Autism Spectrum Disease (ASD), which is also commonly known by the term “spectrum“, refers to those who have mild social impairments, intellectual disabilities, or epilepsy.
Although genetic studies offer some clues about ASD, it was a major success that genes linked to ASD were discovered. Scientists are still trying to figure out how they all fit together and what causes so many ASD symptoms.
Nature Genetics magazine published the following study in its online edition, on June 2nd, 2022. A group of scientists from all parts of the world, led by researchers from the University of California San Diego School of Medicine (UCSD), reported significant progress on understanding genetic variation and rare mutations which affect the likelihood of ASD development in children.
Jonathan Sebat Ph.D. (senior research author) is a professor at the Beyster Center for Molecular Genomics of Neuropsychiatric Diseases.
Sebat’s group analyzed the genomes of 37.375 individuals, based on 11213 ASD-related family members. This study was performed to find out how genetic factors may influence clinical symptoms or risk.
Researchers considered many factors. These include de novo varieties, which can only be found in new-borns, and polygenic scores. These measures can be used to measure the genetic effects of common variants.
Sebat said, “When you combine the main factors that are detectable in a genome DNA,” “the predictive accuracy for DNA sequencing more over doubles when you only test one category at once.” Genetic testing could become more precise by combining rare genetic mutations with multigenic scores.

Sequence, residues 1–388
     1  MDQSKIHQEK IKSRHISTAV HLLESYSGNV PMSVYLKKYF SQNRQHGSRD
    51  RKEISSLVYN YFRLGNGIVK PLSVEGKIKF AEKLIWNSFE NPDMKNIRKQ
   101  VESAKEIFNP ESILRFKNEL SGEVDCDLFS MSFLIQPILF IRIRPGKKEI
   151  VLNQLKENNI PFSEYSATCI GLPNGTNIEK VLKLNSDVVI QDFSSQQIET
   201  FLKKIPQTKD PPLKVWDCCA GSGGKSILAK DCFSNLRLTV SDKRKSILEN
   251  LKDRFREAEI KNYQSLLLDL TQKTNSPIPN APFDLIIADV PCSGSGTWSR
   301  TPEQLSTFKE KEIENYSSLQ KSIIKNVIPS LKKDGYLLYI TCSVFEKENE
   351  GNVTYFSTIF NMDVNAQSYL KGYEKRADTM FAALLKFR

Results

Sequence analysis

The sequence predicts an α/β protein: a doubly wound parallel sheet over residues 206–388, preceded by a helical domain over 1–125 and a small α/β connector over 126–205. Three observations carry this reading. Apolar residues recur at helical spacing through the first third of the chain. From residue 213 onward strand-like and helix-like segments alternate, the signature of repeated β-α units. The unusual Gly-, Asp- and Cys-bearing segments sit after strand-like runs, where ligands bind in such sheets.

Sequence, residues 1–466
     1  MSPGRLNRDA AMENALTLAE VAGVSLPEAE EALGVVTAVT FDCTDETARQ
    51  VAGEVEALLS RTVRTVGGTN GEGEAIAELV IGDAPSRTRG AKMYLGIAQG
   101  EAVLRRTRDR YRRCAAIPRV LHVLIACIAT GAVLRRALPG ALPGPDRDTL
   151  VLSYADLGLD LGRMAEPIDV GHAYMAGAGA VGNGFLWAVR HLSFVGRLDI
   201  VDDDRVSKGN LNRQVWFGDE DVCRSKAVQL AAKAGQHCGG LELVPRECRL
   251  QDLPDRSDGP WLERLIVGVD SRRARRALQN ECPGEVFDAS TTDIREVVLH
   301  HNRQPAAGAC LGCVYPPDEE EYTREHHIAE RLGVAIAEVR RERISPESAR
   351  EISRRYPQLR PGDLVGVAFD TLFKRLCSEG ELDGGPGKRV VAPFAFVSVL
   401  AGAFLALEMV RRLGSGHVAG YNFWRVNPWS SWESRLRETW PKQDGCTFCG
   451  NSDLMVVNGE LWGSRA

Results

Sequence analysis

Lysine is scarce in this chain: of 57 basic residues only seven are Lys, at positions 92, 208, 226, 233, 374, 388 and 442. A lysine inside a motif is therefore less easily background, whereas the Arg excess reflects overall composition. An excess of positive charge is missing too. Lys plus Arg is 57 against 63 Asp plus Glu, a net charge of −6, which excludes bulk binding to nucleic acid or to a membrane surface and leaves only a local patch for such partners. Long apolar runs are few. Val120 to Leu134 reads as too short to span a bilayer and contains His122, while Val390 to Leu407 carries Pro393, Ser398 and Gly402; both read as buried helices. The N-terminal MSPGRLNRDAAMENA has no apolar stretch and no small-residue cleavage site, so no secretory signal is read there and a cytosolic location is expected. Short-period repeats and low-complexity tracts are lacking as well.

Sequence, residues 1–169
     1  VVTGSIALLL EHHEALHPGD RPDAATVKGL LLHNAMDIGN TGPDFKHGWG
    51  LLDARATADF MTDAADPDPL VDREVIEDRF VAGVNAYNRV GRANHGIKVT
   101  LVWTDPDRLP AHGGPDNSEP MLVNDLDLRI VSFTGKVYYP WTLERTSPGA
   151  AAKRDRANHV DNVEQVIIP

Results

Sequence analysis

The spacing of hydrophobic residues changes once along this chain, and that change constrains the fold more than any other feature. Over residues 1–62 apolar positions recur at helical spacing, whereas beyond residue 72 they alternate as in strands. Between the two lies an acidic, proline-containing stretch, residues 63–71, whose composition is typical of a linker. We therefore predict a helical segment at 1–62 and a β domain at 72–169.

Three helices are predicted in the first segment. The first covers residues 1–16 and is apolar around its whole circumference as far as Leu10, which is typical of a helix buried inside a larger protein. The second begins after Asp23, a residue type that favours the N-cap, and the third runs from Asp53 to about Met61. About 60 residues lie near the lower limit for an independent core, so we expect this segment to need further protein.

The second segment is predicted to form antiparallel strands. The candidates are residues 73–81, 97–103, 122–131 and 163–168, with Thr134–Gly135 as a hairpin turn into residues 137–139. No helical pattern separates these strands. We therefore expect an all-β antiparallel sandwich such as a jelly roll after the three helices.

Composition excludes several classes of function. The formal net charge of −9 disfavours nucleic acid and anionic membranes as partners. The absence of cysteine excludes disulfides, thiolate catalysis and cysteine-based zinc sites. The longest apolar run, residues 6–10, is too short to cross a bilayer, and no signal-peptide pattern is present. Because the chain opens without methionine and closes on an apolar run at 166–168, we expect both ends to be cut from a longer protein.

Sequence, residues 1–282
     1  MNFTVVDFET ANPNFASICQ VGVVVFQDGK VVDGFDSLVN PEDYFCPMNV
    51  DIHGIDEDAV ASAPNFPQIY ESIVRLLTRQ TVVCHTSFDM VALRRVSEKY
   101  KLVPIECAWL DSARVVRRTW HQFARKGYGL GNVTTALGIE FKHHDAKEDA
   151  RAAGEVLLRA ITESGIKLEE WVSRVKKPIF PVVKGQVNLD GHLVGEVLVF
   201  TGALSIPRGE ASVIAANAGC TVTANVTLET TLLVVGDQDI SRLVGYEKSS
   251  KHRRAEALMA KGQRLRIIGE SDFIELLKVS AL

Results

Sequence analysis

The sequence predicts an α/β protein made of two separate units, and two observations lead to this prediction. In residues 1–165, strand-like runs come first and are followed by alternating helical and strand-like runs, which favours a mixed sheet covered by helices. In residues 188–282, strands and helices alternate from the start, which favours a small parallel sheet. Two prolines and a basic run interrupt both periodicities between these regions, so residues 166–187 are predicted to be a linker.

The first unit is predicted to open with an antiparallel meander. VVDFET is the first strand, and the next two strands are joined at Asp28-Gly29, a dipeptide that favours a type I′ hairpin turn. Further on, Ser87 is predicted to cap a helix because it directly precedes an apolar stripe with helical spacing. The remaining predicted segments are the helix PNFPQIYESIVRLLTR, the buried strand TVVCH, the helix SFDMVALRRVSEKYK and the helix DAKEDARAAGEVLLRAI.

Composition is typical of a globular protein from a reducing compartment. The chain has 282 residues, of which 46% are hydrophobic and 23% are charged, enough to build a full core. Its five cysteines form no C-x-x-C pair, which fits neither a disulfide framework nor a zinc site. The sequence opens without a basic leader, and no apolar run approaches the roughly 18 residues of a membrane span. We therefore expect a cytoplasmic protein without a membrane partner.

The risk of autism is also affected by your gender. ASD is more common among males than in females (4 to 1) The study’s authors discovered that ASD prevalence is lower in females than it is in males. This could be due to a “female protection effect,” in which females are less susceptible to genetic risk.
They found that the total genetic burden of ASD children and their siblings was higher for females than for males.
Sebat explained that both rare variants, as well as polygenic scores, show evidence of a female protective function’. “This suggests the autism liability threshold differs by sex, with females having higher thresholds than males.”
Sebat stated that ASD symptoms can vary in severity due to genetic risk. “People with autism may be on the extreme end of the spectrum, but there are many risk factors for everyone.
The authors also discovered different gene expressions for different genetic elements in the developing brain.
Very rare variants in genes were abundant in neurons of fetal brains. This may account for some of the correlations between brain expression and other traits.
Researchers concluded that autism spectrum disorders can be explained by individuals with their own genetic makeup.